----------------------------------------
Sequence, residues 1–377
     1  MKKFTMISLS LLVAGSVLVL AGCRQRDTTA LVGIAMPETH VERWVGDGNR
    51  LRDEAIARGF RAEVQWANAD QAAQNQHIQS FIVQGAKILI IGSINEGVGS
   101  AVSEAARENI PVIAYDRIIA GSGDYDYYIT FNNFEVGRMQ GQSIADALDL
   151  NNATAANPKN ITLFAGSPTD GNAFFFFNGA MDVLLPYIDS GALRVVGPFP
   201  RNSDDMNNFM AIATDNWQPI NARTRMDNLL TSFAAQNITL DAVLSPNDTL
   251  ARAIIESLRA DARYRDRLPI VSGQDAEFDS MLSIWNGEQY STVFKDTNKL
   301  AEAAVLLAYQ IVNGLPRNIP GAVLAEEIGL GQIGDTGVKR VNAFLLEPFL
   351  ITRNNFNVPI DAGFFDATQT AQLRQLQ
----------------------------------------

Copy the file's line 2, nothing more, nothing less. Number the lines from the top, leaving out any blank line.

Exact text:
     1  MKKFTMISLS LLVAGSVLVL AGCRQRDTTA LVGIAMPETH VERWVGDGNR